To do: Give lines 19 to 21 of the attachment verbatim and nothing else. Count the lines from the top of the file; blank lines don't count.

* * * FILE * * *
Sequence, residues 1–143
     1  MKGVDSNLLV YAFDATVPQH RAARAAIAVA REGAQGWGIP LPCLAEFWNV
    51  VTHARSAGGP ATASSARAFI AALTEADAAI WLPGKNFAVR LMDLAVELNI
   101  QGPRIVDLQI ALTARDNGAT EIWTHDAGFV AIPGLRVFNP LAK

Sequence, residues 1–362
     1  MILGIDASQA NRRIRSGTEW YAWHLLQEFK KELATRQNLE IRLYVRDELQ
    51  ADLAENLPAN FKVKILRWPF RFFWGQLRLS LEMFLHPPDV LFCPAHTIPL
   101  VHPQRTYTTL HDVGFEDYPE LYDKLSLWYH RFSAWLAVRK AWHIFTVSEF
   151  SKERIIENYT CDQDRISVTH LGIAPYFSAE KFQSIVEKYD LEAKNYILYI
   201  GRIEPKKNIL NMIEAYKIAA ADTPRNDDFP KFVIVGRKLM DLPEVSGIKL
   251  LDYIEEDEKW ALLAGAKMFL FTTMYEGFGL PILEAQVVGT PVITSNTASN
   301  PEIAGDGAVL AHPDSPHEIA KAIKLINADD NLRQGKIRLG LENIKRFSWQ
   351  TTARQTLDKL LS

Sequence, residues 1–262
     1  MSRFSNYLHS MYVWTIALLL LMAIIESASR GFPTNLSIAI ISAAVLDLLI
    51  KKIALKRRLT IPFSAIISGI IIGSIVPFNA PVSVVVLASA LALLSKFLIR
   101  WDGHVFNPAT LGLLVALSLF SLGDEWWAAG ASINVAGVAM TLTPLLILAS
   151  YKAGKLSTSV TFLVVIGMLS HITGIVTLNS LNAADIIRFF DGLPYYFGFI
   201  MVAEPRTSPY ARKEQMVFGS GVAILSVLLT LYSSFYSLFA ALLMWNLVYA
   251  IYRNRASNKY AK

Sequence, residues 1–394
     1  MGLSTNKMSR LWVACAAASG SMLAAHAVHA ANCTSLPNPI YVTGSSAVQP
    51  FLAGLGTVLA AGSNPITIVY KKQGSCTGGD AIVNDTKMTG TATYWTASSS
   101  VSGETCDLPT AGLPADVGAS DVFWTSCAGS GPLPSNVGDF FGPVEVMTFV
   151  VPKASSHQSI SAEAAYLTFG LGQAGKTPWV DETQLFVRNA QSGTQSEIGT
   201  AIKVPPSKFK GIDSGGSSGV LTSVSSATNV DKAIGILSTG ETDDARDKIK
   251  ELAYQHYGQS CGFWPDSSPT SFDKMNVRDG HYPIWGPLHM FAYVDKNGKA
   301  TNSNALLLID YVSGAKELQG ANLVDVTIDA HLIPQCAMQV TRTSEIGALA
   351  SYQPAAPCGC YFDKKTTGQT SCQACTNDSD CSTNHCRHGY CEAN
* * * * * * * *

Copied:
   201  MVAEPRTSPY ARKEQMVFGS GVAILSVLLT LYSSFYSLFA ALLMWNLVYA
   251  IYRNRASNKY AK

Sequence, residues 1–394